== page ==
If you own a bicycle, airbrushing the frame can be a terrific way to customise it and make it unique. If the bike is old or used, a fresh paint job can be an excellent way to refurbish it and give it a brand new look. If you are willing to put in the time and you have a steady hand, not only can you give a bike a fresh coat, an airbrush is also a wonderful tool for adding pinstripes, two-tones and other artistic flair that will make your bike really stand out.
- Skill level:
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Things you need
- Bicycle frame
- Work gloves
- Canned propellant or electric air compressor
- Paint primer
- Gel paint stripper
- 200-grit sandpaper
- 600-grit wet/dry sandpaper
- 1,200-grit wet/dry sandpaper
- Clear coat
Strip all paint from the frame. If your frame is made with carbon fibre, use 200-grit sandpaper to remove the old paint job. Carbon fibre is strong but prone to break when hit with blunt force and chemicals can eat away at the bonding agents that hold the fibres together. If you have a metal frame you have the option of using a chemical stripper. If you are using a chemical stripper wear gloves. Paint removers are caustic and will burn skin on contact. Chemical strippers are available in both a liquid and gel state. The liquid strippers can be messy and difficult to apply, although they get into cracks easily. Gel strippers are better suited for vertical or angled surfaces (like a bicycle frame) because of their viscosity. Chemical stripping will also require multiple applications depending on the thickness of the previous paint job. However, if you apply too many applications a chemical stripper will eat away at the frame. Wear a mask when removing the old paint and do this in a ventilated area.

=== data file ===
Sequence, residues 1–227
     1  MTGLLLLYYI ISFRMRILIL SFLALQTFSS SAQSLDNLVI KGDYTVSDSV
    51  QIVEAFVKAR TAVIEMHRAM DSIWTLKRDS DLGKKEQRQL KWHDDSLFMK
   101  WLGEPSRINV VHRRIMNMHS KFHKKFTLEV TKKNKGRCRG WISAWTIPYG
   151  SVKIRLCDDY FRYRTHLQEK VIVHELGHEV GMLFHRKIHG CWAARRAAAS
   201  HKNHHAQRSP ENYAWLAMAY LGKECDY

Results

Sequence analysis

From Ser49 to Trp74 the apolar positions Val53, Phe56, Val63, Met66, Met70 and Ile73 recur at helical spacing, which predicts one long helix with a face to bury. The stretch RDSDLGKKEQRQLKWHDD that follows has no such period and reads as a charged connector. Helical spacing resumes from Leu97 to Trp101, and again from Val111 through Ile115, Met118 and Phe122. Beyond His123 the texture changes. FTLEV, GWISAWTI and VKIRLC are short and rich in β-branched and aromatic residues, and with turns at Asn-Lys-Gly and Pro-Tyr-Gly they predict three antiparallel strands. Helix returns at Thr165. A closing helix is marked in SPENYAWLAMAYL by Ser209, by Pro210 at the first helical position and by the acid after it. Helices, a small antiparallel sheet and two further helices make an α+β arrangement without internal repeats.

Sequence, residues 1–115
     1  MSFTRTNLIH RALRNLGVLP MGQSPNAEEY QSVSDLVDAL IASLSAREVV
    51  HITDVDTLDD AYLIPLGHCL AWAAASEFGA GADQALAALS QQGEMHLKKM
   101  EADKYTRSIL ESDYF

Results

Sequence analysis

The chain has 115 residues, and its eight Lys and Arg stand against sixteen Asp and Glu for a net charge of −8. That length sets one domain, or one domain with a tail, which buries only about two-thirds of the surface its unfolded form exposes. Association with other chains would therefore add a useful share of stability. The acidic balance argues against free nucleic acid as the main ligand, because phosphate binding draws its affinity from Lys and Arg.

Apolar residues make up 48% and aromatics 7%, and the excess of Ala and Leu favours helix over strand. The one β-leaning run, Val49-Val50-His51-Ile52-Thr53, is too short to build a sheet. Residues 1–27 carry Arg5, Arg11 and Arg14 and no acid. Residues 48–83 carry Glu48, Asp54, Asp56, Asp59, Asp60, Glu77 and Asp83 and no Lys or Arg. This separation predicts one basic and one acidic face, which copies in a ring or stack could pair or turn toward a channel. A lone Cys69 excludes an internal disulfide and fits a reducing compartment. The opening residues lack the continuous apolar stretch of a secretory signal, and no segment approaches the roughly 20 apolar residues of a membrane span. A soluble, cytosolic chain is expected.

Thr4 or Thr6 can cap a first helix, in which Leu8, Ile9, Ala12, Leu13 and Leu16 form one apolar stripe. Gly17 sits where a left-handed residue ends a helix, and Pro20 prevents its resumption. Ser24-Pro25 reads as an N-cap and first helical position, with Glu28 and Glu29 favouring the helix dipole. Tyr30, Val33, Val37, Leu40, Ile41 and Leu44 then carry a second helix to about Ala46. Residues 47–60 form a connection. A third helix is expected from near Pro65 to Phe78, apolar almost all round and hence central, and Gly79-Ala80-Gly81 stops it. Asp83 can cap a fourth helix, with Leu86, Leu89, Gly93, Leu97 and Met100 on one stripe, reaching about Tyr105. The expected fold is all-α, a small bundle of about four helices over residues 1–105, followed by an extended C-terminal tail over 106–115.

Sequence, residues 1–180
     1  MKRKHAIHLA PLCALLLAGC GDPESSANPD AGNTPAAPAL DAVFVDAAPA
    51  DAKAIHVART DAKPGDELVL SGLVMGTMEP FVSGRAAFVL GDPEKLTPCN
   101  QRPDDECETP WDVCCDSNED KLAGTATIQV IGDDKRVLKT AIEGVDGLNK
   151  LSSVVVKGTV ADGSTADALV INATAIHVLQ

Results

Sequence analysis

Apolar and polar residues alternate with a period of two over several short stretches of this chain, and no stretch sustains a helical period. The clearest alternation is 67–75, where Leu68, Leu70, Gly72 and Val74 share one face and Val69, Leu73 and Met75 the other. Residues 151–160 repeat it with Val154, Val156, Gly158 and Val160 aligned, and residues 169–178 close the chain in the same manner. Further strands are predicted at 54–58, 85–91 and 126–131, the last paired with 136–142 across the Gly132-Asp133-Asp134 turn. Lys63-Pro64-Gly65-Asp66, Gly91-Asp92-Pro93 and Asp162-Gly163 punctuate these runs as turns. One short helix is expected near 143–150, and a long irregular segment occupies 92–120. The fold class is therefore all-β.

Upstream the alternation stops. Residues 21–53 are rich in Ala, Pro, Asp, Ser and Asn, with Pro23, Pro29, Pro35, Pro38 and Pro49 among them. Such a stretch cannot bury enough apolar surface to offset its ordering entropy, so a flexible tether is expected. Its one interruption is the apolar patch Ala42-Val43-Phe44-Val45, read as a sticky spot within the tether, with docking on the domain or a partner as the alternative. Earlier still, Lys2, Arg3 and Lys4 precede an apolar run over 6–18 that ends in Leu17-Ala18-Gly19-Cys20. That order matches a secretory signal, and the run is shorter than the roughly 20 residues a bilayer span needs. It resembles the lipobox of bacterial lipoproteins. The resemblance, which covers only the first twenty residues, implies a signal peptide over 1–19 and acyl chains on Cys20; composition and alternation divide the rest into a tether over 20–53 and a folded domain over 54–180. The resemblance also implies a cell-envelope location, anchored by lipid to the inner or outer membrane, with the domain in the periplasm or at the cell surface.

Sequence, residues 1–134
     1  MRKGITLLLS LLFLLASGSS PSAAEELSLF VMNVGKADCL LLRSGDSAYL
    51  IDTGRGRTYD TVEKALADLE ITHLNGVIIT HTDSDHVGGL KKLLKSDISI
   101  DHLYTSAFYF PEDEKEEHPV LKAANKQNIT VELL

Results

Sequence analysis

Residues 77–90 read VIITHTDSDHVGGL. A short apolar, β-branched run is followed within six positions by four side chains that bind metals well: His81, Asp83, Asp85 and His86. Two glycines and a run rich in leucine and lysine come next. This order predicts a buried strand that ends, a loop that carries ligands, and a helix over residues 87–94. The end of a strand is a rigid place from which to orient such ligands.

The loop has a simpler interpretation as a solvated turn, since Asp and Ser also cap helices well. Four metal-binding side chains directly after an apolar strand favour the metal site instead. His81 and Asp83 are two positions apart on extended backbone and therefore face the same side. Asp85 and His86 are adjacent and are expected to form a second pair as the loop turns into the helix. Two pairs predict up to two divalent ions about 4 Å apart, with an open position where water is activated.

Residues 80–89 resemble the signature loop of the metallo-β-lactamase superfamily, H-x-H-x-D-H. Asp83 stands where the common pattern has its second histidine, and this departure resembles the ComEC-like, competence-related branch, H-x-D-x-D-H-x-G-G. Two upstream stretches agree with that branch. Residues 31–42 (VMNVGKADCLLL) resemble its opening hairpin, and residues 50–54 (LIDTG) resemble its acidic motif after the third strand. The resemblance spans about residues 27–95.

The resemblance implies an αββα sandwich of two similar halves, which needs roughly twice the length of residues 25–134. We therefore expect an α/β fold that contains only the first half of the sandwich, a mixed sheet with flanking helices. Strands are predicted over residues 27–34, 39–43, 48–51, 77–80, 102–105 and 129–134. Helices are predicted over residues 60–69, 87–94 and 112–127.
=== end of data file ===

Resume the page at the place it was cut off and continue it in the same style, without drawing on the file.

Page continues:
Apply a primer to the frame. Airbrush the primer evenly to the frame with a 1.3 to 2.5mm paint nozzle. Wait 15 minutes after spraying the first coat, and apply a second. Allow the frame to dry overnight.
Create a smooth surface. After allowing the primer to dry overnight, sand the primer with 600-grit wet/dry silicon carbide sandpaper. You want to create a smooth surface for the paint to adhere to.
Apply the paint. Clean the frame of any dust or dirt. Using the same size nozzle as you used for the primer, apply an even, thin base coat. Allow the base coat to dry before applying a second coat. If the paint begins to run, gently sand the frame to even out the coat. If you are applying multiple colours, apply the lightest colour first.
Wet sand the painted frame. Use 1,200-grit wet/dry sandpaper and have a bucket of water close at hand. Soak your sandpaper in water and using a level smooth motion, go over the entire frame. The sandpaper needs to be wet at all times. Apply light pressure so you do not remove the paint. This will help to give the frame a smooth, glassy shine.
Apply a design. This is optional, but if you are customising a bicycle you can add decals, pinstripes or artwork to the frame at this point.
Apply a clear coat if necessary. Depending on the brand of paint you use, you may or may not have to add a clear coat. Many paints, such as Duplicolor’s Enamel System, have a clear component while some paints do not. Clear coats provide added protection to your bicycle from rain, rust and other damage. Apply the clear coat within one or two hours after applying the last coat of paint. This will ensure that the clear coat bonds with the paint for a durable hard finish.
Tips and warnings
- Always wear a mask when painting or stripping old paint. If inhaled, paint fumes and paint chips can be hazardous.
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